Gangs in the Cape Flats started to appear in 1966, when District Six and other zones situated in the center of the town were declared "whites-only" areas, due to the apartheid regime. Coloured people living in those areas were forced to move to the Cape Flats after their houses had been destroyed.
Double and three storey flats, overcrowding, poverty, high crime rates, drugs and alchol abuse are some of the elements that started to charaterize these communities. Beacuse of the poverty many young people join the gangs by the attraction of money and power, and many times also for protection.
Innocent men, women and children have knowingly or not become entangled with gangsters, most have suffered dearly as a result. Many still bear the scars of their involvement. Countless others have lost their lives, usually in a savage manner and sometimes caught in a crossfire.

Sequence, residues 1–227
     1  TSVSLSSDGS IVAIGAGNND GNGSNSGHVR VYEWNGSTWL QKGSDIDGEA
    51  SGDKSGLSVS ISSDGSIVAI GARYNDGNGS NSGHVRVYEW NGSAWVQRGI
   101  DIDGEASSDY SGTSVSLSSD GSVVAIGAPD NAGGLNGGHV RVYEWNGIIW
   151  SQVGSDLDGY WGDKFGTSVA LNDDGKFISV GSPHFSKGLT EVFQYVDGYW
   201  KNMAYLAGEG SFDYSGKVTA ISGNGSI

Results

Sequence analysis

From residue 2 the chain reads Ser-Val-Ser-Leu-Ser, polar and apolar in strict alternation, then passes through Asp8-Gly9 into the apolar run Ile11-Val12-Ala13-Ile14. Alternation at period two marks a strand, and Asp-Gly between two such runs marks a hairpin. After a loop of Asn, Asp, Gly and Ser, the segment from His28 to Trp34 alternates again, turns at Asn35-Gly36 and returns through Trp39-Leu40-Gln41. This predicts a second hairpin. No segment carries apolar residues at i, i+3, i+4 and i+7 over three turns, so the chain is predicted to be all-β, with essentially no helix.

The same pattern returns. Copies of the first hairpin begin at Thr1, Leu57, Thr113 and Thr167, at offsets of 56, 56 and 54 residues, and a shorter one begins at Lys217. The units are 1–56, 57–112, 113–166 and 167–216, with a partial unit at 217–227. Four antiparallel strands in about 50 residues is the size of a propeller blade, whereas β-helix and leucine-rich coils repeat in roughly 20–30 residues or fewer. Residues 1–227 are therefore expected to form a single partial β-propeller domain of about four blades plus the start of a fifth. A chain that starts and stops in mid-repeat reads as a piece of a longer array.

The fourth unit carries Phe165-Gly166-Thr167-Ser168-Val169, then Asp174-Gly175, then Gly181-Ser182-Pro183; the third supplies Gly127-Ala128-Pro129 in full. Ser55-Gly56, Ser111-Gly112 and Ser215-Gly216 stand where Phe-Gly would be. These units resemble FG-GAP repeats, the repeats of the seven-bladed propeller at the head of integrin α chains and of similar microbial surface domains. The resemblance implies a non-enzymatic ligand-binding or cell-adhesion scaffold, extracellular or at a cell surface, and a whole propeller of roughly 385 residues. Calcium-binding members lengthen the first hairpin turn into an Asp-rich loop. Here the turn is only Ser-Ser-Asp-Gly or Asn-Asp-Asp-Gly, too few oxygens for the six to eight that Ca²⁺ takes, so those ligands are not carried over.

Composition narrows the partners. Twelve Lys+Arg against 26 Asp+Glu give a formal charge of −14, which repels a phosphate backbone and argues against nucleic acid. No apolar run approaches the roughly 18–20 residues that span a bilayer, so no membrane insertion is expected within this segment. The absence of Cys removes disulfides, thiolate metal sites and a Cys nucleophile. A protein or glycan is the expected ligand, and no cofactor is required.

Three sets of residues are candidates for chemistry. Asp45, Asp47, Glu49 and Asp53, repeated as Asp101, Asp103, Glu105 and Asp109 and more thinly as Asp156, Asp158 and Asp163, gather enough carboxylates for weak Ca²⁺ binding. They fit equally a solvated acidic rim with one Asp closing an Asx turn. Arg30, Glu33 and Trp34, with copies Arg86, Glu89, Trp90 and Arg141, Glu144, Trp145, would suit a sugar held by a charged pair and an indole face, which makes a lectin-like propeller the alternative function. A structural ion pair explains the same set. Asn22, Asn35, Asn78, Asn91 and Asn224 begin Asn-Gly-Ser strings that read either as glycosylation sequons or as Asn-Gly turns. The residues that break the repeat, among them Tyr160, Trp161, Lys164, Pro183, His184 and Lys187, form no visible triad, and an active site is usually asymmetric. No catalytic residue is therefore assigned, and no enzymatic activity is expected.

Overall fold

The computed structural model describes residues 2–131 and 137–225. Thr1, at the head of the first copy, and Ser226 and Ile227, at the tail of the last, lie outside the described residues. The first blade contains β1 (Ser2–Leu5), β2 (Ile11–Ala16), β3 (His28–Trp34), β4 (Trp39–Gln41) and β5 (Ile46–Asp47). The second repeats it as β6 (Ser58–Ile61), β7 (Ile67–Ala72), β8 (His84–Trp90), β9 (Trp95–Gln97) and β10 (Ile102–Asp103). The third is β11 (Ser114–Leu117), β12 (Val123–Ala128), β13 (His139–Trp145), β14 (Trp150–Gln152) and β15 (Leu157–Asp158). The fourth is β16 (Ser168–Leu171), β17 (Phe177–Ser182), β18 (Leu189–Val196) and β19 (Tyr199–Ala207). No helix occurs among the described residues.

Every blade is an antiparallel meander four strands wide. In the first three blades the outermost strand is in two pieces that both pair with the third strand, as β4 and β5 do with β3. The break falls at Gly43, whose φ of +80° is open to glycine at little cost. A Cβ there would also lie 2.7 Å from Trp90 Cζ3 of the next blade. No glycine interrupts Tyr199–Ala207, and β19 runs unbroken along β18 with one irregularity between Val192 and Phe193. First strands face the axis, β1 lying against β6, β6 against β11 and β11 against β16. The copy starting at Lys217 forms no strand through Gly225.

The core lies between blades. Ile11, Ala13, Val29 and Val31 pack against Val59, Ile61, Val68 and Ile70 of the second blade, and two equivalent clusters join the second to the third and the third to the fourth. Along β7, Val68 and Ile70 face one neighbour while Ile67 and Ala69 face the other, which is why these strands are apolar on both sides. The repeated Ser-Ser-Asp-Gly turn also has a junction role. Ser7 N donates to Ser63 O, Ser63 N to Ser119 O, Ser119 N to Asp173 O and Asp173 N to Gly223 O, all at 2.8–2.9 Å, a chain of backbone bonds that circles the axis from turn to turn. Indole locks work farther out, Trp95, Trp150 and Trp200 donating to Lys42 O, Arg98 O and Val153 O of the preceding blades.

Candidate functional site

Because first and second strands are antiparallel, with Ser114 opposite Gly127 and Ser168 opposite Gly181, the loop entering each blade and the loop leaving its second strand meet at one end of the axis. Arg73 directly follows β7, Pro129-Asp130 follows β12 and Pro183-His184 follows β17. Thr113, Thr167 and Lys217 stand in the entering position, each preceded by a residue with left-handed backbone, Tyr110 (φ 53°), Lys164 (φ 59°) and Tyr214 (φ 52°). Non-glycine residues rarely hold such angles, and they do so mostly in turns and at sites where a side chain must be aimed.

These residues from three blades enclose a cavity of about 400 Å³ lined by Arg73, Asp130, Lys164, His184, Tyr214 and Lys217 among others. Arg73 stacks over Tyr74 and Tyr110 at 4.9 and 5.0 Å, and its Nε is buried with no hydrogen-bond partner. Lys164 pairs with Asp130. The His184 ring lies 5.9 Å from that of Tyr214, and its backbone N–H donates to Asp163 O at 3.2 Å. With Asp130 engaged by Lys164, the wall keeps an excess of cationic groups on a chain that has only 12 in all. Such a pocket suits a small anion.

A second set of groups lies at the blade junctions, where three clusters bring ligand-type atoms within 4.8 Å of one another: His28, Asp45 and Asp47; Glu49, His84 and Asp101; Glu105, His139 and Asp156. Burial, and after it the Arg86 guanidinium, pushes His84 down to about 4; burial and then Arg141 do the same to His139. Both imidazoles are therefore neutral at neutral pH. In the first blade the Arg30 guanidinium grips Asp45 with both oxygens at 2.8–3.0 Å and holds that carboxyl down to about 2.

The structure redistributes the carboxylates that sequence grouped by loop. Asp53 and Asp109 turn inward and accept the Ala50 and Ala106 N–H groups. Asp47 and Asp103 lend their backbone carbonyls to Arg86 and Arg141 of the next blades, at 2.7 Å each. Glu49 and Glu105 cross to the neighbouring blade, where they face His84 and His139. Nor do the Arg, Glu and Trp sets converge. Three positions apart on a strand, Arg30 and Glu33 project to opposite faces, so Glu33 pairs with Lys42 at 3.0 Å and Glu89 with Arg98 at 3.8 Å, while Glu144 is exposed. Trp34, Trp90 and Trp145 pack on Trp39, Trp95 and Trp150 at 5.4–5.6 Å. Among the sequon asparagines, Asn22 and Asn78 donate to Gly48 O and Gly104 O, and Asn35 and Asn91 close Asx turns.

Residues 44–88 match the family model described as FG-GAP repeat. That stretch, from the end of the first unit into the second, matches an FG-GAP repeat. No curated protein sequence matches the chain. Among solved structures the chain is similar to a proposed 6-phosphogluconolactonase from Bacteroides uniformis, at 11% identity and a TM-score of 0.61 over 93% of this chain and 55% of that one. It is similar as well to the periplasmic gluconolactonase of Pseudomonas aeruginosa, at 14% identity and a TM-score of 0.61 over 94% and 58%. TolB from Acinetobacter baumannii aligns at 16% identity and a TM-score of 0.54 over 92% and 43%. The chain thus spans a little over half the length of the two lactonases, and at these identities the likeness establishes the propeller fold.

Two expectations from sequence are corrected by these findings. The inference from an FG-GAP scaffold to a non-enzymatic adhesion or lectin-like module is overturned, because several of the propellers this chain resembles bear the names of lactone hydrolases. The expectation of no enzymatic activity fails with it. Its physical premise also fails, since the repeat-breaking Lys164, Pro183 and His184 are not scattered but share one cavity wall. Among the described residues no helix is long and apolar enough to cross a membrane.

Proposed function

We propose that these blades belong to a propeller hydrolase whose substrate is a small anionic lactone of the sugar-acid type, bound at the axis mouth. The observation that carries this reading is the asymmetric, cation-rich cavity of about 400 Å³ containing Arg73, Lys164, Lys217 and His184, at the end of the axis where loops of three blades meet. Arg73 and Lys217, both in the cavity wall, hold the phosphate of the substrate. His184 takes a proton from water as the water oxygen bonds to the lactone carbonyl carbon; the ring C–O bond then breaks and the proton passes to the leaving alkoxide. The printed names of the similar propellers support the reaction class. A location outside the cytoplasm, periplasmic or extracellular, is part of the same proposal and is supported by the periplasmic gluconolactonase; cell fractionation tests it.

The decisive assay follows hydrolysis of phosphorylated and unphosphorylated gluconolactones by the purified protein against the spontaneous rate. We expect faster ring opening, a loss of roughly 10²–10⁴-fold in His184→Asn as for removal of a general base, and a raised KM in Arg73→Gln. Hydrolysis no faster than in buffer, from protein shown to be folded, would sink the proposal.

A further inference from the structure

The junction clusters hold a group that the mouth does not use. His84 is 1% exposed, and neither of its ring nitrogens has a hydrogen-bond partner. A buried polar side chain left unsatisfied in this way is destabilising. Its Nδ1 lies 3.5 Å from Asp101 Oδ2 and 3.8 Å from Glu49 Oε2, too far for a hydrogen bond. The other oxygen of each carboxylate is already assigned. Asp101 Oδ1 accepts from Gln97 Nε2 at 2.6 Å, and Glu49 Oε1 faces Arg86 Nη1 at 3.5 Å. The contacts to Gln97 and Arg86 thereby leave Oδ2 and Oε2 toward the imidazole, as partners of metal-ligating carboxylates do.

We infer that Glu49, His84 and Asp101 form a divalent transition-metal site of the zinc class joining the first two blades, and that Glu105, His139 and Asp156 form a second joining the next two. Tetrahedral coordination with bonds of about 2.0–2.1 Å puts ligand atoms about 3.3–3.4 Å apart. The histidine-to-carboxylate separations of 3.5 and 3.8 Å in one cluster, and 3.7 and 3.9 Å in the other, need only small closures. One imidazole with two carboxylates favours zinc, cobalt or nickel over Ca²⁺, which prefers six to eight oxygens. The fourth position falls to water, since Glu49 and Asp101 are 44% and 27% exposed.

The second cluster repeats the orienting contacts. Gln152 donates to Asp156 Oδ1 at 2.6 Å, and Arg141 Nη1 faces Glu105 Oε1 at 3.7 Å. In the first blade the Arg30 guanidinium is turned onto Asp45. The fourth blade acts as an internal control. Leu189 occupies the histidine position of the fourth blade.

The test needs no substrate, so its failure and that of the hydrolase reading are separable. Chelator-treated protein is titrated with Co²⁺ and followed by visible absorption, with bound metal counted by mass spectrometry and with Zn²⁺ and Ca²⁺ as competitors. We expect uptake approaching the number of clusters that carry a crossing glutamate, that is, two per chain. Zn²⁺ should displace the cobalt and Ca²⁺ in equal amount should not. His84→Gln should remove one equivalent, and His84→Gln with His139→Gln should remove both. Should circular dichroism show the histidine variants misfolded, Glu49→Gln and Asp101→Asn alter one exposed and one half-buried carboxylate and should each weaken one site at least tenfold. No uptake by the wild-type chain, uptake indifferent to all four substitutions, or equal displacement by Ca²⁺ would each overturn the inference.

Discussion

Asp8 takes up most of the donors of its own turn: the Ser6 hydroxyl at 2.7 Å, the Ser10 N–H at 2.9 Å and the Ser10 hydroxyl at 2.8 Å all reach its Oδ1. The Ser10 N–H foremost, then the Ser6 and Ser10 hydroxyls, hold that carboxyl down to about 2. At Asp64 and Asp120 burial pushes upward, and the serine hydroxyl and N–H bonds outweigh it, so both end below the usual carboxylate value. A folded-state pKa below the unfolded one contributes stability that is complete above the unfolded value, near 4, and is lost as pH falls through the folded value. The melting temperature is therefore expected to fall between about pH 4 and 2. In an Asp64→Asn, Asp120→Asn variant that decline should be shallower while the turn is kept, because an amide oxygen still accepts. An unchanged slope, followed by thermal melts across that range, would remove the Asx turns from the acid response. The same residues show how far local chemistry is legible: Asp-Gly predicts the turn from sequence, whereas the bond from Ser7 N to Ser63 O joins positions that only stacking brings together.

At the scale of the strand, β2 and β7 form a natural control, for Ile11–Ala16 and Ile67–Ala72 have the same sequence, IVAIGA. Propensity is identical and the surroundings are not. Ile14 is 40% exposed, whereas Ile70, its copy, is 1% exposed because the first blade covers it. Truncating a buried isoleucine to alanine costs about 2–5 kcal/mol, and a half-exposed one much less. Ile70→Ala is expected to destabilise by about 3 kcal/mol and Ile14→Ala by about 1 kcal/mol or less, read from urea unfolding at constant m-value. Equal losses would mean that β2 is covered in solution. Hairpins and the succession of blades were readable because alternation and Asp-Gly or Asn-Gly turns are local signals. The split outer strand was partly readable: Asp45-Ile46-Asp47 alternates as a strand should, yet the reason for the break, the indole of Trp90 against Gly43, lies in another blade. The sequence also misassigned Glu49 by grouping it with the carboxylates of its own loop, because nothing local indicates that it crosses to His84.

There are about 20 coloured townships in Cape Town, situated between 10 and 20 kilometers from the center of town, all of them are dangerous. Each area could have more than one gang, then the area becomes divided into territories. The gang fights happen over the control of those territories and for the drug sale.
Sometimes youth who are friends at school are enemies outside because of the gangs of the territory were they are living. Gangsterism between coloured people is considered as a culture, so strongly rooted within these communities.